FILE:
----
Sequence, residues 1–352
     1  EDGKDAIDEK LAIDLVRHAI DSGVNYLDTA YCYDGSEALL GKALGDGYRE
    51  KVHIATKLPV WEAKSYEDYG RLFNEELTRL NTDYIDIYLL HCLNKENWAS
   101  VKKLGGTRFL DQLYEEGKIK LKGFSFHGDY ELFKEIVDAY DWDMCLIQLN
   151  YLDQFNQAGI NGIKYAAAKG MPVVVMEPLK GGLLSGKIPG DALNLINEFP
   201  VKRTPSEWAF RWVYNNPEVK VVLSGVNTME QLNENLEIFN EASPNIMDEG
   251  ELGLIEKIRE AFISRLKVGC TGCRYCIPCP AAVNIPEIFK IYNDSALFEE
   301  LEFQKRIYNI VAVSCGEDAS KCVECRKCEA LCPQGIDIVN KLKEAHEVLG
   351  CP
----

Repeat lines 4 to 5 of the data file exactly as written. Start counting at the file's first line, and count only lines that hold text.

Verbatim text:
   101  VKKLGGTRFL DQLYEEGKIK LKGFSFHGDY ELFKEIVDAY DWDMCLIQLN
   151  YLDQFNQAGI NGIKYAAAKG MPVVVMEPLK GGLLSGKIPG DALNLINEFP